An ACC in O-Town?

MIKE ZEISBERGER -- Toronto Sun

, Last Updated: 5:17 PM ET

 A 20-kilometre drive to the west of downtown Ottawa brings you to the home of the NHL Senators, an arena that stands majestically where the sprawling suburb of Kanata meets the lush farmlands of the Ottawa Valley.

 Welcome to Air Canada Centre East.

  While Ottawa mayor Bob Chiarelli and many of his political cohorts in Bytown must shudder in disgust at the mere suggestion that the rink that houses their beloved Sens would be called such a name, even those high-powered suits cannot ignore the impressive post-season numbers the Maple Leafs have posted in that building over the years.

 The Sens have won just three of eight previous playoff meetings against the Leafs at the Corel Centre, including a 1-5 mark in the past six.

 By winning Game 1 of their 2004 Eastern Conference quarter-final by a 4-2 score over the Leafs, the Sens regained home ice advantage in the series. But is it one, really?

 History says no. The Sens say yes.

 "I think you battle for home ice all season long for a reason," said Senators captain Daniel Alfredsson, who looks forward to the series shifting to Ottawa for Game 3 tomorrow night.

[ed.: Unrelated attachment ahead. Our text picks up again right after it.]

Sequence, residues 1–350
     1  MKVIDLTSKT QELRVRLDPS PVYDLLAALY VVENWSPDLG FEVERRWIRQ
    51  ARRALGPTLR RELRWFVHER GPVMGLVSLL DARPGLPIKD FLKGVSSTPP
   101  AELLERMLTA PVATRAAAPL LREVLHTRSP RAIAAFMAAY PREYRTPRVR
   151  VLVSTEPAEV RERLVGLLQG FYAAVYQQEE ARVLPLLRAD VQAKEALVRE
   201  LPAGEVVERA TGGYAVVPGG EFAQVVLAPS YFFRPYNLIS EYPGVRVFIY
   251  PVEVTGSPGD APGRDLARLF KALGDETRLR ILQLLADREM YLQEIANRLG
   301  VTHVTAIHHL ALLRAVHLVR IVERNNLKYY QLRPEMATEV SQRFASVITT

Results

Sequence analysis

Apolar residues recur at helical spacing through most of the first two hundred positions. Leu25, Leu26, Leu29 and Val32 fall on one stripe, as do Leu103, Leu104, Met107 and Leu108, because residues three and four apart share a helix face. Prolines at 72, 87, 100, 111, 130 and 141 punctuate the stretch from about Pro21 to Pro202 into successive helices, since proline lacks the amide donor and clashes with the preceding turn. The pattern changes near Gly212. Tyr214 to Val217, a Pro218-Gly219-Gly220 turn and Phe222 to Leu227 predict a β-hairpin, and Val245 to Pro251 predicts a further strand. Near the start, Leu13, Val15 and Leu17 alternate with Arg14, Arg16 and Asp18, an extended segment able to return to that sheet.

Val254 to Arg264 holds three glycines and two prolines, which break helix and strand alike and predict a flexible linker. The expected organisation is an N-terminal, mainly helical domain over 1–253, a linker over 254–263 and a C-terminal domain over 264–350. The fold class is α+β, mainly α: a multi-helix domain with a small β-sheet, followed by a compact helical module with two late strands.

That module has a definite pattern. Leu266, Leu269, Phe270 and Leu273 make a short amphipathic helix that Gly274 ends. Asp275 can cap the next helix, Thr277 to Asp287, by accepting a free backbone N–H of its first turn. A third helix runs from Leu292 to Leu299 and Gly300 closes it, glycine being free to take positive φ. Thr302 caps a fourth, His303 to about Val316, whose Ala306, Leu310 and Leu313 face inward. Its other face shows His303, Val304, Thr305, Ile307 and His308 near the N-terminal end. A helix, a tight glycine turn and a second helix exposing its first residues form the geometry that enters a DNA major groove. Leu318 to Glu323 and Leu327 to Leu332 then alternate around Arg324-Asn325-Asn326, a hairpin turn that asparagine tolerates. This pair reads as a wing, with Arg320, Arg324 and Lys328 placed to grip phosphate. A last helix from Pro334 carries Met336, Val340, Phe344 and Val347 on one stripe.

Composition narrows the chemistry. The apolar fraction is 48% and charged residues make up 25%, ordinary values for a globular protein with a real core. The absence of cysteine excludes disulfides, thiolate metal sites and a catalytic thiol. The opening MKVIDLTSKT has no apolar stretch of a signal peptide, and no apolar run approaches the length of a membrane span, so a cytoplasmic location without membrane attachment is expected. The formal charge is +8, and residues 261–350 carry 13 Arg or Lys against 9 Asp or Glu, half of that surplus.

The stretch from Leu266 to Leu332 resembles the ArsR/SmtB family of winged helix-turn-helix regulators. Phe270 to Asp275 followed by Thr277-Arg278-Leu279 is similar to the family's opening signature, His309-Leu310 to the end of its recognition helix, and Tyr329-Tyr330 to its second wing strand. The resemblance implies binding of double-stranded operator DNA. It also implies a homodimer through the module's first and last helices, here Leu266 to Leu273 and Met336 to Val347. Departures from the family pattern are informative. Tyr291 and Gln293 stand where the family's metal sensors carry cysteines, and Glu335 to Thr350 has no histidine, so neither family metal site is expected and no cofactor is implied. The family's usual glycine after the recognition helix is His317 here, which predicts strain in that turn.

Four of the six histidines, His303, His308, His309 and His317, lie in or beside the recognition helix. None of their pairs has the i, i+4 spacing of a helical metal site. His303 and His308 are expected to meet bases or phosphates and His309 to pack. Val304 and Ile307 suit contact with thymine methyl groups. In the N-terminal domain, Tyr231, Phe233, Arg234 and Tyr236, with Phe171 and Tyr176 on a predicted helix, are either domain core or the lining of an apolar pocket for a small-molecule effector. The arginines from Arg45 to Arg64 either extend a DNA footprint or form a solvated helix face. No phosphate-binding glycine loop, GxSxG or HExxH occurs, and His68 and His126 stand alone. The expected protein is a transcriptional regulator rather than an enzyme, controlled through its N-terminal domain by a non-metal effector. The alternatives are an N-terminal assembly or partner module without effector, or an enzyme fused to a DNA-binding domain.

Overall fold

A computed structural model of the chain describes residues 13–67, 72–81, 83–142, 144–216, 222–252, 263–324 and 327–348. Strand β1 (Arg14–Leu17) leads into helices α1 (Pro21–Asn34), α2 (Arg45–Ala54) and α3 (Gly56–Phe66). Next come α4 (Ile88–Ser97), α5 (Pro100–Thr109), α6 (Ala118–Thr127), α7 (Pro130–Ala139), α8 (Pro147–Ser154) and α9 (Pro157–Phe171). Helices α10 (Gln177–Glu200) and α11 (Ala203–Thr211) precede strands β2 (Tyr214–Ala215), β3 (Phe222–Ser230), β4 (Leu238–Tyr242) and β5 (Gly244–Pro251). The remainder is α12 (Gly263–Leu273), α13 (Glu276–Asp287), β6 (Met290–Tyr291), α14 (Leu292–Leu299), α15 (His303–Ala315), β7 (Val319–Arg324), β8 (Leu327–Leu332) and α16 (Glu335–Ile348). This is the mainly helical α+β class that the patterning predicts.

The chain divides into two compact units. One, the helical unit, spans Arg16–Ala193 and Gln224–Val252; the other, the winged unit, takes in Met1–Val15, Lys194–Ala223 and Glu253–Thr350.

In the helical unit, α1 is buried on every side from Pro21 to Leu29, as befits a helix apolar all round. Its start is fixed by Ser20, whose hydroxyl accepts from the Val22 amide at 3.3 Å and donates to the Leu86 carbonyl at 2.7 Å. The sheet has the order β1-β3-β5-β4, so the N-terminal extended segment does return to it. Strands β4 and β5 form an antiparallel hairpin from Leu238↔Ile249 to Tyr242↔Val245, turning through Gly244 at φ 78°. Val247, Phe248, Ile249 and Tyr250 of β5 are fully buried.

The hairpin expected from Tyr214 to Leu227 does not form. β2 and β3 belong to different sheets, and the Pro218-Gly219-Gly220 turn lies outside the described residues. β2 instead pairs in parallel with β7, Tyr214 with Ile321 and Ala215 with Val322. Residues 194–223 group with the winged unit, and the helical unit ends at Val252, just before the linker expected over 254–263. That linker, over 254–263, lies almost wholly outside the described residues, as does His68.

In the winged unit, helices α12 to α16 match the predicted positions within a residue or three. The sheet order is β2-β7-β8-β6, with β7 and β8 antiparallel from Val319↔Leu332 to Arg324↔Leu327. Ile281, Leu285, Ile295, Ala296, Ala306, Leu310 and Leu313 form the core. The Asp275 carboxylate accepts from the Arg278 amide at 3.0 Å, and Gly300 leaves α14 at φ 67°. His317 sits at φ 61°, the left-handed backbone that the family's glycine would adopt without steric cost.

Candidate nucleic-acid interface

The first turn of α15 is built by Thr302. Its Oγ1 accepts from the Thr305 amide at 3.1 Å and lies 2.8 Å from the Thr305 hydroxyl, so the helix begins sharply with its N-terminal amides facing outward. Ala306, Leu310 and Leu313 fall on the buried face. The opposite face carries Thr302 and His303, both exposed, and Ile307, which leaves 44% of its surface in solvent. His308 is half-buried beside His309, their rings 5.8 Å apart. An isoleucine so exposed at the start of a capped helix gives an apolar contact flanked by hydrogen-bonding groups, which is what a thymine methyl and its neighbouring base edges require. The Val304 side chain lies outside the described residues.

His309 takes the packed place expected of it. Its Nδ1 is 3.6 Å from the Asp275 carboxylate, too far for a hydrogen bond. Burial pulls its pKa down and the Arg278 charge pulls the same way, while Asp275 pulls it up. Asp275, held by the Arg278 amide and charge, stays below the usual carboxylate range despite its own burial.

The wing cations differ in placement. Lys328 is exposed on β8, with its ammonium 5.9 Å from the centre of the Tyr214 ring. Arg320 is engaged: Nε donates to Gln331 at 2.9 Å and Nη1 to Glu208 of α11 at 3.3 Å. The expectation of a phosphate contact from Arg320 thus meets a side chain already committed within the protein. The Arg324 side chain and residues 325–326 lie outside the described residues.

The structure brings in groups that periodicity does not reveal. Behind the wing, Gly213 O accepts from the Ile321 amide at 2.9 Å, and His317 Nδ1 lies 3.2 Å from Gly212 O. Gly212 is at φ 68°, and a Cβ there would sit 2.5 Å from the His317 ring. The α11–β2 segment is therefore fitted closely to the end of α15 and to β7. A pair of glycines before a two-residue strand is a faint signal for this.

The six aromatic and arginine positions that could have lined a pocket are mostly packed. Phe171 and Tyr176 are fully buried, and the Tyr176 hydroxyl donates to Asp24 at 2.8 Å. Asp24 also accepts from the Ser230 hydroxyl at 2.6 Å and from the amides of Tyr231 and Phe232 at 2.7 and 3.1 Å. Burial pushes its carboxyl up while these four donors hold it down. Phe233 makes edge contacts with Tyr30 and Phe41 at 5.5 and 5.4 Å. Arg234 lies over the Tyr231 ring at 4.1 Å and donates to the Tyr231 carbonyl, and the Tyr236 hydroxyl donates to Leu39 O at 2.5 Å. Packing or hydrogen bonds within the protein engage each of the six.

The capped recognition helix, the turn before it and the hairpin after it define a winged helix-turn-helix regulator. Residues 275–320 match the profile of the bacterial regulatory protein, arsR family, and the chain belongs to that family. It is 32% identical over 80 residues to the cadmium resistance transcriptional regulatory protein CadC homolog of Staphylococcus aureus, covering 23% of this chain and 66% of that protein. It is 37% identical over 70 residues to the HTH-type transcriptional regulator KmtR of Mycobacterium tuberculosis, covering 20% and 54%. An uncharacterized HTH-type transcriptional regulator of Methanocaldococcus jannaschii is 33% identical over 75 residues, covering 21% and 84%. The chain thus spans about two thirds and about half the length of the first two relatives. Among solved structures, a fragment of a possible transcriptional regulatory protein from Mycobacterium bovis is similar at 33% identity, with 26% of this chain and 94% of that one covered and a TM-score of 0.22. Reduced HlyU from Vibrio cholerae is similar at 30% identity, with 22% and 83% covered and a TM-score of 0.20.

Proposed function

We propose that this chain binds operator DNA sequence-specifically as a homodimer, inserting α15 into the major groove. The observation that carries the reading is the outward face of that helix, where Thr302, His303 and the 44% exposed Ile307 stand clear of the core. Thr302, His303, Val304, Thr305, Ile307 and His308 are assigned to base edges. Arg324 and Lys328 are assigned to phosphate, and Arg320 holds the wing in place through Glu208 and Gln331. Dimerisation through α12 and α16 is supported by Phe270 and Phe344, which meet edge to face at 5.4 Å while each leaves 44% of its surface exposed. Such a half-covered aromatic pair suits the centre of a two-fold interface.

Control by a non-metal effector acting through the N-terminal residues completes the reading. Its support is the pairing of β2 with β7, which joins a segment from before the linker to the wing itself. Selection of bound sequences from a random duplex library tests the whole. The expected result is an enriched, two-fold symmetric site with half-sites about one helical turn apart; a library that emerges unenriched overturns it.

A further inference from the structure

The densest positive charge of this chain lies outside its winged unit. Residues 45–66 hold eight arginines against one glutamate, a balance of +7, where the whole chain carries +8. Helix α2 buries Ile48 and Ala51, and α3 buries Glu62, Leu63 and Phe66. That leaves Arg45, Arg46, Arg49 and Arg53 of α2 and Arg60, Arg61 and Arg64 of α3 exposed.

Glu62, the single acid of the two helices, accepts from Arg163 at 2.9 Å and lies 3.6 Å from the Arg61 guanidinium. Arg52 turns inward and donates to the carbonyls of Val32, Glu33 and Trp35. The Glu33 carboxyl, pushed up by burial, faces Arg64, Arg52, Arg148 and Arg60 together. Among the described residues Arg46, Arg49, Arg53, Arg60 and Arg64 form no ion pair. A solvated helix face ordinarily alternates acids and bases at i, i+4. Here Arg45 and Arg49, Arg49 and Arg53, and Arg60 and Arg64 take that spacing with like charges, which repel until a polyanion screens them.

"All the top teams, with maybe the exception of Boston, had very good home records this season.

 "Once the regular season is over, I think it is more difficult to win on the road."

 Alfredsson claims he does not notice the Leafs fans in the Corel Centre booing him whenever he touches the puck, a tradition that started at the Air Canada Centre earlier this season.

 "I never really heard it in either rink," he said. "I'm too busy focussing on the game."

 But his Ottawa teammates certainly are aware of the legions of Leafs fans who clog the Corel Centre, a disturbing trend which caused Chiarelli and co. to ban Toronto jerseys from the game April 2.

 Those who did wear their Leafs colours were asked to donate to the Ottawa food bank, which admirably ended up receiving significant funds as part of the much-publicized charity campaign.

 "Whenever we play the Leafs there, we joke about having to take the crowd out of the game," Sens defenceman Wade Redden said. "We accept it now because we've seen it so many times. Seriously though, we love playing at home. Our fans are great, and it gives us the advantage of having the last change."


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